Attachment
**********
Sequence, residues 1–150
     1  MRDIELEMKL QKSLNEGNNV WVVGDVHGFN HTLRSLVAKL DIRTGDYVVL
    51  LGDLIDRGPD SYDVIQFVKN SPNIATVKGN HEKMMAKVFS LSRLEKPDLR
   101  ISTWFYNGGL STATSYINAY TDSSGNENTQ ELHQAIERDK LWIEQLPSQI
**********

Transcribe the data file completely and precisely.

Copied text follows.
Sequence, residues 1–150
     1  MRDIELEMKL QKSLNEGNNV WVVGDVHGFN HTLRSLVAKL DIRTGDYVVL
    51  LGDLIDRGPD SYDVIQFVKN SPNIATVKGN HEKMMAKVFS LSRLEKPDLR
   101  ISTWFYNGGL STATSYINAY TDSSGNENTQ ELHQAIERDK LWIEQLPSQI